Now that the hype train for the Nothing Phone 1 has slowed down a bit, it’s time to take a long, hard look behind the light show to find out whether this is indeed a game-changing smartphone in its segment, or whether all the hype was overblown. I’ve been using the Phone 1 as my primary phone for about a week and I think it’s safe to say that most people should be happy with what it offers, especially those who appreciate attention to detail.
The Phone 1 might not have the over-the-top specifications that some of the competition loves bragging about but it’s the combination of little things that add up to a good experience. It’s not perfect and there are some kinks that require ironing out, which we’ll explore in this review.
Nothing Phone 1 price in India
Prices for the Nothing Phone 1 in India start at Rs. 32,999 for 8GB of RAM and 128GB of storage. For Rs. 35,999, you get double the storage (256GB) with the same amount of RAM, and finally at Rs. 38,999 you get 12GB of RAM and 256GB of storage. These prices seem fine for the sort of features and specs on offer but keep in mind that the Phone 1 doesn’t come with a charger or a case, which are accessories that most of the competition offers.
Nothing Phone 1 design
We have already gone over the design of the Nothing Phone 1 quite extensively in our first impressions piece but I do want to point out a few things that I really like after using it for a longer period. The Phone 1 is a very comfortable phone to live with, and in a lot of ways, feels like an iPhone 12 or iPhone 13. The completely flat sides, front and back look very industrial, especially for the black variant.
Nothing Phone 1 specifications and software
The Nothing Phone 1 competes in a space that’s filled with phones sporting Qualcomm’s 800-series SoCs. The Snapdragon 778G+ SoC in the Phone 1 doesn’t have the same brute power, but it’s by no means a weak chip. It delivers a decent level of grunt and is fairly power efficient too thanks to its 6nm fabrication. Its performance falls somewhere in between the MediaTek Dimensity 1300 and Dimensity 8100 SoCs.
Other noteworthy hardware features of the Nothing Phone 1 include its IP53 rating for dust and water resistance, stereo speakers, in-display fingerprint sensor, and wireless charging. The latter feature really helps the Phone 1 stand out as this is the only current-gen smartphone in this segment to have it. The Phone 1 has a 4,500mAh battery and supports up to 33W wired charging, 15W Qi wireless charging, and 5W reverse wireless charging. The Phone 1 has support for up to 12 5G bands, dual-band Wi-Fi 6, Bluetooth 5.2, NFC, and the usual array of sensors.
Nothing OS on the Phone 1 is based on Android 12. The company has promised a healthy three years of Android updates and four years of security updates. The software is free of any and all bloatware as you only get Google’s suite of apps. The Recorder app has been given a retro skin and the design of the camera app has clearly been inspired by iOS, but everything else is pretty much untouched. Nothing OS has some cool animations for locking and unlocking the display, and for when the phone is charging. I quite like the dot-matrix font that’s used throughout for menu labels and the always-on display.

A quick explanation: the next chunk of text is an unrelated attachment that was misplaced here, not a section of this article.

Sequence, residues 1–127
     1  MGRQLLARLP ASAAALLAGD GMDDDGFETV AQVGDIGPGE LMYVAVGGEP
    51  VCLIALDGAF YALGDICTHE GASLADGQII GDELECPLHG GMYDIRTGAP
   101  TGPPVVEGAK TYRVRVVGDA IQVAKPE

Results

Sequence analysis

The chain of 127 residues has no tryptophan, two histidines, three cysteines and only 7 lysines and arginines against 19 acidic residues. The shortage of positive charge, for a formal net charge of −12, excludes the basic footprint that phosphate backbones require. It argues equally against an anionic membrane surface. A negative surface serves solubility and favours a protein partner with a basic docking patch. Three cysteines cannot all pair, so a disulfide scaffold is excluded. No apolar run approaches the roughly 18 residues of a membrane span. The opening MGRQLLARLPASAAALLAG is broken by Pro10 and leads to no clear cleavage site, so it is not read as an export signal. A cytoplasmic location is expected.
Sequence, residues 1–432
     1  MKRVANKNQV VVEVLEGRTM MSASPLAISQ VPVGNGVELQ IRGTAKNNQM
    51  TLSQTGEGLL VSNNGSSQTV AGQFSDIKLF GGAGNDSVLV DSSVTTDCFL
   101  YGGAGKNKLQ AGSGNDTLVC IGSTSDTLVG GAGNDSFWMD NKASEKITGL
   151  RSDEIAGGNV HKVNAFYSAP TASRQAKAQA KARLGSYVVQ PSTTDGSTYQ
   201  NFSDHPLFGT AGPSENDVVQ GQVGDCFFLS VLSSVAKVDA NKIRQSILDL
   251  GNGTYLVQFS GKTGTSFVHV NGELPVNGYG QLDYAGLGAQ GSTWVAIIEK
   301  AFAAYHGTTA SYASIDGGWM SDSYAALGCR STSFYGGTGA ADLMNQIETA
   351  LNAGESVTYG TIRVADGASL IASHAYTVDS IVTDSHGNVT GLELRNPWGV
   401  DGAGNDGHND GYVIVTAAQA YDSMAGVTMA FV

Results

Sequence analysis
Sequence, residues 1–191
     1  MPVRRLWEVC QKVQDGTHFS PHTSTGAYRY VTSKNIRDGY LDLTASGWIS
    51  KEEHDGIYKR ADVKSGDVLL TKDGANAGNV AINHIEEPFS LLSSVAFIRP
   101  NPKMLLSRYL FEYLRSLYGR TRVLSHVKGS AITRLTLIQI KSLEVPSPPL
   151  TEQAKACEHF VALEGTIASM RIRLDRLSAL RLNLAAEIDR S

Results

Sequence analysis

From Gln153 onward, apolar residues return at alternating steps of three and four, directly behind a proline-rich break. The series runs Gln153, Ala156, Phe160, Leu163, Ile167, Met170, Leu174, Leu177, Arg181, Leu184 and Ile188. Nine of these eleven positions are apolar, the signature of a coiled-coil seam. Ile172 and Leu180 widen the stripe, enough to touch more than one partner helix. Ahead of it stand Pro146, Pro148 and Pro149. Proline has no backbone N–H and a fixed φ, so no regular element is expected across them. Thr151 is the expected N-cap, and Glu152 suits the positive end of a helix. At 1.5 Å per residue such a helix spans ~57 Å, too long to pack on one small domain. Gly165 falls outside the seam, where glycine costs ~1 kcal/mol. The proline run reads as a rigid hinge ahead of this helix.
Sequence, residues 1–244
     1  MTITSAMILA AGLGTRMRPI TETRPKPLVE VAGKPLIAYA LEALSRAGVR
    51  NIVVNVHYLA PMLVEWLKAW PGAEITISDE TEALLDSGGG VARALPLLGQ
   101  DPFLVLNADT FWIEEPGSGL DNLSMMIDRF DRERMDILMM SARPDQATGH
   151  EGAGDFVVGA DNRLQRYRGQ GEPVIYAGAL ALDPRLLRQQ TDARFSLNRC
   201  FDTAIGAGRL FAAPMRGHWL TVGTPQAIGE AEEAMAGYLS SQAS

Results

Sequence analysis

My experience with the software was pretty good overall but I did encounter a few random bugs during my review period. There were times when the glyph lights would randomly get disabled and I had to manually re-enable them. The tap-to-wake setting for the display would not work at times, forcing me to press the power button. Auto brightness adjustment was a bit wonky when using the camera app as even under bright daylight, the brightness level would be too low for me to see the viewfinder clearly and manual intervention was needed.
Nothing Phone 1 cameras
The Nothing Phone 1 has a good primary camera and decent secondary ones. The 50-megapixel Sony IMX766 sensor of the primary camera is optically stabilised (OIS) and has an aperture of f/1.88. The ultra-wide camera also has a 50-megapixel resolution but it’s based on a Samsung JN1 sensor, which as we’ve seen in our OnePlus 10 Pro review, is not as good as the Sony one. It does have autofocus though, which means macro photos are actually usable. The 16-megapixel selfie camera uses a Sony IMX471 sensor which is decent as long as you give it ample light.
Verdict on Nothing Phone 1
The trouble with having this level of hype around the Nothing Phone 1 is that it automatically sets unrealistic expectations in the mind of the buyer. If you peel all of that away, you’re still left with an above-average smartphone that manages to offer enough unique features to stand out. Wireless charging is the one defining feature of the Phone 1 that no other recent offerings in this segment have managed to crack, unless you count the older but still relevant Samsung Galaxy S20 FE 5G (Review).
Some of the features of the Phone 1 that really stood out to me were its premium build quality, vibrant display, good primary camera, and clean Android experience. The glyph lights are a nice differentiator but I personally didn’t get much use out of them. The one thing that needs the most improvement right now is the secondary cameras, especially in low light. Video recording could also benefit from better stabilisation and features.
If you’re looking for something specific in your next smartphone, such as the fastest charging or great gaming performance, there are better phones in the sub-Rs. 40,000 segment that fulfil these needs. The Samsung Galaxy A53 5G (Review) is one of the only newer models in this segment to have an IP67 rating, apart from good all-round performance. If you’re looking for very good gaming performance, phones such as the Xiaomi 11T Pro (Review) and iQoo 9 SE (Review) would be better picks. The Motorola Edge 20 Pro (Review) should keep photography enthusiasts happy with with its 5X telephoto camera.